I was thinking about how a chain of irreducible polynomials in $K[X_1,\ldots,X_n]$, where $K$ is a field, behave with respect of being prime. What I mean is the folowing:

If $\{f_1,\ldots,f_n\}$ is a sequence of irreducible polynomials in $K[X_1,\ldots,X_n]$, I know that the ideal generated by $(f_i)$ is prime for every $i = 1,\ldots,n$. But what I can have from the ideals of the form $I_k = (f_1,f_2,\ldots,f_k)$? Are these ideals $I_k$ prime?

I'm asking this because if this is true there is a very simple answer for my question here.

Thank you for the help!!


2 Answers 2


There's no reason for this to be true. For example, take $f_1 = y^2 - x^3, f_2 = y^2 + x^3$ in $k[x, y]$. Then $(f_1, f_2) = (y^2, x^3)$ is not even radical. Geometrically, the problem is that the two curves $f_1 = 0$ and $f_2 = 0$ intersect with multiplicity at the origin. This doesn't happen generically, but a generic problem is that two curves will intersect at more than one point in general, and then the corresponding ideal will still fail to be prime. For example, take $f_1 = y$ and $f_2 = y - (x^2 - x)$. Then $(f_1, f_2) = (y, x^2 - x)$ has the property that $k[x, y]/(f_1, f_2) \cong k \times k$ has nontrivial idempotents.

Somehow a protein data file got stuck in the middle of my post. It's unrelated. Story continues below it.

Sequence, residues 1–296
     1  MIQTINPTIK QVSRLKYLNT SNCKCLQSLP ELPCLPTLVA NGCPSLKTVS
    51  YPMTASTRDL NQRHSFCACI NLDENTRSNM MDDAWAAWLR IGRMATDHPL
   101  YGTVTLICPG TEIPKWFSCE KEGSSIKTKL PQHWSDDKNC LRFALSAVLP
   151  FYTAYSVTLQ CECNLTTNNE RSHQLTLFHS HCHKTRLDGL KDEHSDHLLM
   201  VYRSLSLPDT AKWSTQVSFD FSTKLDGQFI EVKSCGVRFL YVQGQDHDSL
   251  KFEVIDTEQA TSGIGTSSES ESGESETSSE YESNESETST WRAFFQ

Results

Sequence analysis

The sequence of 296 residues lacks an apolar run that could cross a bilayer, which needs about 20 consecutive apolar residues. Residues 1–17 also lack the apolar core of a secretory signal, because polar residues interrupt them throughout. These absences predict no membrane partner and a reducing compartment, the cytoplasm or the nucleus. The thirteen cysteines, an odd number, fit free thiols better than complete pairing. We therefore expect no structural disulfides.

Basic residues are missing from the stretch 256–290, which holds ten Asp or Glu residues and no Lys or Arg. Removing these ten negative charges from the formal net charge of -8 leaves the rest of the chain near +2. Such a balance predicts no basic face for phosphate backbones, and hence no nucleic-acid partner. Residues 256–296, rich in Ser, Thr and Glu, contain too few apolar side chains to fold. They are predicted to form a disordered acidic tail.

Let us think about $\Bbb{R}[x]$. Two irreducible polynomials are $-x^2-1$ and $x^4 + 1$. $-x^2-1$ has $i^{4k+1}$ as a root, and $x^4+1$ has $i^{3k}$ as root. Both aren't present in $\Bbb{R}$

The ideal $(-x^2-1,x^4 + 1)$ is not prime.

This is because, on adding the two polynomials, we get $x^4-x^2=x^2(x^2-1)$.

Both $x^2$ and $(x^2-1)\notin (-x^2-1,x^4 + 1)$


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